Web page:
Some days all I can really manage to do is make an omelet. Not that I'm fishing for compliments — I'm aware and confident that this was a fucking phenomenal omelet, filled with beet greens sautéed with garlic, lemon zest, great-tasting olive oil, balsamic vinegar, and just a touch of brown sugar, then rounded out with grape tomatoes and goat milk blue cheese, and finished with cilantro. Tremendous. One for me, one for Ryan. And our kitchen conversation during the omelet forging somehow led to me drawing the following charts about the Cycle of Productive Capital:
Despite small fun doings, though, overall the week’s felt like a bit of a shipwreck, and not only here on the blog. (HOW did I ever manage to post 5 days a week? How?)
But take heart! Because my friend in Brooklyn has started hawking amazing-looking vegan truffles. And also, next week here on Kloncke we’ll have a special Zine Feature! Five dope zines in 5 days, spanning 5 x 5 = 25 years! (Okay, only one of the five is more than like a year old…but it’s from 1985 and it’s super cool.)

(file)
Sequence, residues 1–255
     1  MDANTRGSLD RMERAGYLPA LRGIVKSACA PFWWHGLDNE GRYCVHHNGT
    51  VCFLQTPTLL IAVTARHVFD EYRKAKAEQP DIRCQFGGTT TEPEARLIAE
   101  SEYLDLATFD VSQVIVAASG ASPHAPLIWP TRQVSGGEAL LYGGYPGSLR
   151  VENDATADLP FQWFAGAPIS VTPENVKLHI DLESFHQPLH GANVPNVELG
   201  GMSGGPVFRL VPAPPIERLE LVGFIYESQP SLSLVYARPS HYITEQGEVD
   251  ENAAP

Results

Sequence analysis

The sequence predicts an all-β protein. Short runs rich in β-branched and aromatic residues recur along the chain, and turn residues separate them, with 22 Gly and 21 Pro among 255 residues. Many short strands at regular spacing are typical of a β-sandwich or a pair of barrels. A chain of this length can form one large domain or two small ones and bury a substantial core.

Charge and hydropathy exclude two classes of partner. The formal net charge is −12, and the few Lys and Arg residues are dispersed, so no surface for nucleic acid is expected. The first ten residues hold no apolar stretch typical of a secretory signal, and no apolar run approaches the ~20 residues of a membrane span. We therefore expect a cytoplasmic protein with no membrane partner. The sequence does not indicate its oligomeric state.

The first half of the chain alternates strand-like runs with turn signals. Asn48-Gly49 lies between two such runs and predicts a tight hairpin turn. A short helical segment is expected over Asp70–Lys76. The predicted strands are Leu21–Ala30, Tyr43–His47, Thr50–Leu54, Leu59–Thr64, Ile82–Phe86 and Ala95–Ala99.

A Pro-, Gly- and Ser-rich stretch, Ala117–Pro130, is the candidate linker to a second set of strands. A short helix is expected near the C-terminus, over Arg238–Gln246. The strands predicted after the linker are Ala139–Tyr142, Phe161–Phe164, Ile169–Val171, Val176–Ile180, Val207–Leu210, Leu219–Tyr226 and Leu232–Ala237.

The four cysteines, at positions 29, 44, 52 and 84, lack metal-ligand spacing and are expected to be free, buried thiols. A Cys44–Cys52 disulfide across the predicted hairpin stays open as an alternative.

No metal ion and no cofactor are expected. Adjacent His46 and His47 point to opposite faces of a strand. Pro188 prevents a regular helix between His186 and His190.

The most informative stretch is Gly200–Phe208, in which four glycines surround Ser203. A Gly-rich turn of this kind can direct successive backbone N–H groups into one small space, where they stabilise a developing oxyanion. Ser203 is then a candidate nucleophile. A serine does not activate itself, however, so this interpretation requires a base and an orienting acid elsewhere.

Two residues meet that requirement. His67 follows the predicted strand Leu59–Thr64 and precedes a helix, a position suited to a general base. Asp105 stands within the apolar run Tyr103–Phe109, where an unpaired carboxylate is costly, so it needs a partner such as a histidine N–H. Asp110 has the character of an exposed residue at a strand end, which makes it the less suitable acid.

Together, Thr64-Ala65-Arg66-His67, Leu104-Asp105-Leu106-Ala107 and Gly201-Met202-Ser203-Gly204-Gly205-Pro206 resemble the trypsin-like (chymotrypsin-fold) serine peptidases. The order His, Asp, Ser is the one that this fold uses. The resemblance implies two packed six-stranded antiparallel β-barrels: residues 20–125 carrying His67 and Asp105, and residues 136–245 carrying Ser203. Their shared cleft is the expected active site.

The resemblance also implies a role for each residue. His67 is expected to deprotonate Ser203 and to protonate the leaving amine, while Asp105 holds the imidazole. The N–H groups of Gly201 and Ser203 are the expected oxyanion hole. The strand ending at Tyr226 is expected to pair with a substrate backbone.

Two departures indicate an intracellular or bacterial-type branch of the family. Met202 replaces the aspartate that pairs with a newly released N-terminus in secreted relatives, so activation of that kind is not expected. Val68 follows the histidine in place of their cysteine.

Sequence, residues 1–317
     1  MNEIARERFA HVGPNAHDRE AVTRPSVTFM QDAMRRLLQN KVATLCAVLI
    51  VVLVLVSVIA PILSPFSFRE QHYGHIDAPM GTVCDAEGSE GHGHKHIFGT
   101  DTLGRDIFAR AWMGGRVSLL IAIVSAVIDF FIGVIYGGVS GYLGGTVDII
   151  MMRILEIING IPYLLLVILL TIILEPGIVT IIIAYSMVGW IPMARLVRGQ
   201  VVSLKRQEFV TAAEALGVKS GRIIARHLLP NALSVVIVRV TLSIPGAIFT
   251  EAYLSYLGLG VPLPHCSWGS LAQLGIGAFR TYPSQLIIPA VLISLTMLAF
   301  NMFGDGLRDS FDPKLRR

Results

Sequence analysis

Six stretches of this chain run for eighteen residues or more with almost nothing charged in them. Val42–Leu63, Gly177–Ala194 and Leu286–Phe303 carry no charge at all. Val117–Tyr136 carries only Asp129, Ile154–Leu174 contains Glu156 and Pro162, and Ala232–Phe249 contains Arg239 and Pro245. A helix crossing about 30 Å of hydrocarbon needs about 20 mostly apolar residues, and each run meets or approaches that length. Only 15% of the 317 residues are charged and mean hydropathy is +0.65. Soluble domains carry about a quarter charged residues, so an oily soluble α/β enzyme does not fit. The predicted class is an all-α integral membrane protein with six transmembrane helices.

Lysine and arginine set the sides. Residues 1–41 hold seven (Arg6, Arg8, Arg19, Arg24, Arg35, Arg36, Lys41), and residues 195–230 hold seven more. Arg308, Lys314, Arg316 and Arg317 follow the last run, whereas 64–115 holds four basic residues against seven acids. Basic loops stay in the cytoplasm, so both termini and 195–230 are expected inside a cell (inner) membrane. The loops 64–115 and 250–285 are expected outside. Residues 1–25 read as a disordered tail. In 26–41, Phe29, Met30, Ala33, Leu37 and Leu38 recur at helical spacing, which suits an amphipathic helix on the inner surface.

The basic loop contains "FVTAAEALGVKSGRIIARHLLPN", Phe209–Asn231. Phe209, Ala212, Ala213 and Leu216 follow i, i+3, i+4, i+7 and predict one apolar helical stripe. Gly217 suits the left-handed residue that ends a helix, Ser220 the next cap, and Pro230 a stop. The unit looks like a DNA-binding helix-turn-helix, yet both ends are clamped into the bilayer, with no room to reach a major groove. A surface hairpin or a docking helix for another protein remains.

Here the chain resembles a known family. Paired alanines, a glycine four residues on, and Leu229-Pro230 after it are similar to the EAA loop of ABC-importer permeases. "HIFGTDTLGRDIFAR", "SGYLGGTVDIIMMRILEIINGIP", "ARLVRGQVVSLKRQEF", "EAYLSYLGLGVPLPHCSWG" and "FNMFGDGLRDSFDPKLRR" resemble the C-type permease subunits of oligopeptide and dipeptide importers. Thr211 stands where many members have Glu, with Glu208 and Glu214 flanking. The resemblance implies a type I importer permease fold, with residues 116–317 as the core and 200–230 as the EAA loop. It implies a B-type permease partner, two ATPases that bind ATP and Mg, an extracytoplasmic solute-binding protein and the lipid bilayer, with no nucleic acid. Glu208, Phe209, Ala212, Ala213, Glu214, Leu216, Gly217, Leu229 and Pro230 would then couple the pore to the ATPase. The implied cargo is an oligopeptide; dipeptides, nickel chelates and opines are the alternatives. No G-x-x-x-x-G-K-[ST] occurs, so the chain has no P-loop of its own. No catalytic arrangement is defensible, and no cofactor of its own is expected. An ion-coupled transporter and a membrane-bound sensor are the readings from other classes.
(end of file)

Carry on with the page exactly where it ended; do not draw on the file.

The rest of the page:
Til then, take care, friends!
these are tight drawings. i was talking to ryan about it earlier. reproductive labor prolly goes into fixing up the old dead labor as it breaks down too. looking forward to more marxist drawings!
thanks so much! i wish i’d been able to come to yr class — i’m sure it would’ve inspired many more drawings and diagrams. :)
and thanks for the insight abt reproducing the old dead labor, but can you explain a little more? when i imagine fixing up / maintaining a run-down factory, for instance, i imagine people getting paid wages to do that work, like in any other service commodity. which seems different from reproductive labor?
I’ve got an idea for you, Katie… you could give seminars in progressive economics on Sunday mornings along with serving up omelets. I would SO love to come if I lived in the Bay Area…